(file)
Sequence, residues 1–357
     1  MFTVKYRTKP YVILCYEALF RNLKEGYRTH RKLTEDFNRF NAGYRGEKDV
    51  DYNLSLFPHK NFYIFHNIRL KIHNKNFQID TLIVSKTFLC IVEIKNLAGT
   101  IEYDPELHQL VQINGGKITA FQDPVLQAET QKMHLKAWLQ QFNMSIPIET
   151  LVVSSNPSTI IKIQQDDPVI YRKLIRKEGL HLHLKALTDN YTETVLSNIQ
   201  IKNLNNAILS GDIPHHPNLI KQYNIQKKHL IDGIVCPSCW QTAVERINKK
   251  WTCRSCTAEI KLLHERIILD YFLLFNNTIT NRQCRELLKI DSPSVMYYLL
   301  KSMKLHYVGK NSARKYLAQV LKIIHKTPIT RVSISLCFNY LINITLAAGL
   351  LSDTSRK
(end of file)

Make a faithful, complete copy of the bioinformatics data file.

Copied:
Sequence, residues 1–357
     1  MFTVKYRTKP YVILCYEALF RNLKEGYRTH RKLTEDFNRF NAGYRGEKDV
    51  DYNLSLFPHK NFYIFHNIRL KIHNKNFQID TLIVSKTFLC IVEIKNLAGT
   101  IEYDPELHQL VQINGGKITA FQDPVLQAET QKMHLKAWLQ QFNMSIPIET
   151  LVVSSNPSTI IKIQQDDPVI YRKLIRKEGL HLHLKALTDN YTETVLSNIQ
   201  IKNLNNAILS GDIPHHPNLI KQYNIQKKHL IDGIVCPSCW QTAVERINKK
   251  WTCRSCTAEI KLLHERIILD YFLLFNNTIT NRQCRELLKI DSPSVMYYLL
   301  KSMKLHYVGK NSARKYLAQV LKIIHKTPIT RVSISLCFNY LINITLAAGL
   351  LSDTSRK